When a new product hits the market, the best-case scenario for a brand is that the product makes a splash with consumers, and the hard work of marketing the product is handled without issues. It just sort of takes on a (positive) life of its own, and the new product rockets to superstardom.
But that’s a dream scenario, and let’s be honest—in the real world, marketing your brand and products takes a ton of planning, strategy, and sweat equity. And it doesn’t end when you launch your marketing strategy. Savvy brands know that marketing performance needs to be watched like a hawk, and often tweaked and adjusted as time goes on, as not everything you have planned is going to work. Maybe your target market was off, or factors beyond your control (looking at you, pandemic), force you to change your marketing efforts to better meet your goals.
Before you can devise your strategy—let alone revise it—brands need to take a step back and first determine which kind of marketing they need. Niche? Or mass? While there are some similarities, the two can vary greatly. Let’s take a deep dive into what each might mean for emerging brands.
Niche vs mass marketing, defined
As Julie Andrews as Maria von Trapp sang, let’s start at the very beginning. It is, after all, a very good place to start. And that means understanding what exactly mass marketing and niche marketing are?
Mass marketing can be defined as pointing your marketing strategy toward attracting as many consumers as humanly possible to buy your product. Often, you’ll find mass marketing used with global, established brands. Maximum exposure is the name of the game for mass marketing. Think Coca-Cola, Crest toothpaste, or Dawn soap. Mass marketing has a significant advantage of tapping millions of consumers at once and is sometimes considered less risky than its niche counterpart because it’s not dependent on one small segment of the consumer population.
But niche marketing is at the opposite end of the marketing spectrum. Instead of trying to reach every person who buys any type of consumer packaged goods product, niche marketing focuses your efforts on a predetermined segment of that population.
Let’s say you are marketing a new cereal. Rather than pointing your marketing efforts at all the cereal buyers out there, you take stock of what sets your cereal apart from others. Is it gluten-free, organic, and chocolate? Your marketing efforts would then drill down the cereal buying audience, perhaps, to target the segment of consumers who are looking for a sweet and healthy morning breakfast option.
Niche marketing benefits emerging brands
There is a time and a place for mass marketing efforts, but for smaller, emerging brands, niche marketing is more often than not the route to take. Why? Let us count the ways…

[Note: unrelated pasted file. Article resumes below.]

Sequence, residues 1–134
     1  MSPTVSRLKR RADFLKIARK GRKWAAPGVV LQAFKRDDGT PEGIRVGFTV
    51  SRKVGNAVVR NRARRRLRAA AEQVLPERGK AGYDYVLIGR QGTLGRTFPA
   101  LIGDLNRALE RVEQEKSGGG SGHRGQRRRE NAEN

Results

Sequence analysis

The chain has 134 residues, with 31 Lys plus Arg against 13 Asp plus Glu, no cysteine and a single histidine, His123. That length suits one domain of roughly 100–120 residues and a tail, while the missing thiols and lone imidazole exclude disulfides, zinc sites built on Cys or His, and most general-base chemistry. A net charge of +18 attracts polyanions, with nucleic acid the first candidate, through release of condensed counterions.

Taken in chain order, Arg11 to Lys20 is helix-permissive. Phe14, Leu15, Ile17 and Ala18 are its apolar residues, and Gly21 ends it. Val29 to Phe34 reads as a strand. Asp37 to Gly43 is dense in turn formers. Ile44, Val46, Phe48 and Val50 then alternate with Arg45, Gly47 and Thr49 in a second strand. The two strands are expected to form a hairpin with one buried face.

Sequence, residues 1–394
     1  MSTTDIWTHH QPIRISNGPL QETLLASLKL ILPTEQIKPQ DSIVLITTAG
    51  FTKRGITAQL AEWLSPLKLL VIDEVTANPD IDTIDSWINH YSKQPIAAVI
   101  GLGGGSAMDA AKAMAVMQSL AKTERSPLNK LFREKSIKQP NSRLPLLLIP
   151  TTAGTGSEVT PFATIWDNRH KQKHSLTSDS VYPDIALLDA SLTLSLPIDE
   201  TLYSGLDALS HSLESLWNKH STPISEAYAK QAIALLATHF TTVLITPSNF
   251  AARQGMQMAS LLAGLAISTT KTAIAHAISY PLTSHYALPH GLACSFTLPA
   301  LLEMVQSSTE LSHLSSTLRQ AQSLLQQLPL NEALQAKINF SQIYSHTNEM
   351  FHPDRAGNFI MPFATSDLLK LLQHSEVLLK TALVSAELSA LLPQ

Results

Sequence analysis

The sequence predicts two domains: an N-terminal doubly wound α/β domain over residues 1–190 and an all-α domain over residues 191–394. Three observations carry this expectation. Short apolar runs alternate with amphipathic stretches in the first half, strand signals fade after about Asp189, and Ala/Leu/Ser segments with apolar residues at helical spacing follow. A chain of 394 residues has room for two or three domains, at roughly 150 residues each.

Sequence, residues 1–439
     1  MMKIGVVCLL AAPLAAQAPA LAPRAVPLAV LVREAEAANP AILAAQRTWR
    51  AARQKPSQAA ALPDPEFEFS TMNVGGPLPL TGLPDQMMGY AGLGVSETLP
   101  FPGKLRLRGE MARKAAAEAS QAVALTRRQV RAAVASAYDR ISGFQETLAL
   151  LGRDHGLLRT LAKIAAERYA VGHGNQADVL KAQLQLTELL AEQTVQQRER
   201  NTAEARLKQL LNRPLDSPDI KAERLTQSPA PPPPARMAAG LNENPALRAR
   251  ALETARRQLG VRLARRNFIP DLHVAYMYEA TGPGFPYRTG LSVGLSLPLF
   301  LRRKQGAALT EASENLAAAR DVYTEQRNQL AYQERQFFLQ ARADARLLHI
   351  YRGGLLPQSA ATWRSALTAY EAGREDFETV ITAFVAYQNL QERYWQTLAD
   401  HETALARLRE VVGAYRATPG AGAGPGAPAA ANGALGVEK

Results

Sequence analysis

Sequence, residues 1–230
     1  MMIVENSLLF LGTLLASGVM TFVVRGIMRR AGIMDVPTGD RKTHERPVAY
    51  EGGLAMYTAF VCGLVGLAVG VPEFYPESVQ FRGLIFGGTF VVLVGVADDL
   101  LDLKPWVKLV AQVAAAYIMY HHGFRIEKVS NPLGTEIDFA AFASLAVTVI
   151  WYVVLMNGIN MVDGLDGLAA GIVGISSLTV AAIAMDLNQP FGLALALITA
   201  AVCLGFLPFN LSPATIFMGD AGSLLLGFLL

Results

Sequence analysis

1. Niche marketing is ideal for tight budgets. The fact is that emerging brands probably don’t have the same size spend that established global brands do. Consequently, they have the room and resources to focus only on one or two segments of the consumer population, rather than all segments. That’s not a bad thing—the wider the audience, the more segments brands need to consider, and any content or communication needs to be adjusted for each segment, and that requires a lot of effort on the brand’s part.
2. Niche marketing can enable better engagement. There are six houses on a block, and you’re going door to door to talk with them about your product. You know that three of those houses have consumers who would be interested, while the other three have no interest. Instead of spending time on the three with no interest, you can spend more time building a relationship with the three that do. Focusing on a smaller population provides brands with more opportunities to interact with and engage their consumers, while simultaneously establishing a loyal following.
3. Niche marketing provides the ultimate insight for brands. For a brand to practice successful niche marketing, they not only have to know the consumer segment they are pursuing, they also have to know themselves inside and out. You can’t exactly determine your product’s best target audience; if you don’t know what your product, your mission, your brand, is all about. And when a brand has that kind of self-insight, they are better able to determine the niche, or multiple niches, that are the right avenue for a product.
Finding your niche with niche marketing
There isn’t a one-size-fits-all, cut-and-dry option when it comes to marketing products, but it’s key to note that a successful marketing strategy starts with understanding which avenue will work best for your product. For smaller, emerging brands, niche marketing is often the way to go, when every marketing dollar counts and every effort needs to shine.
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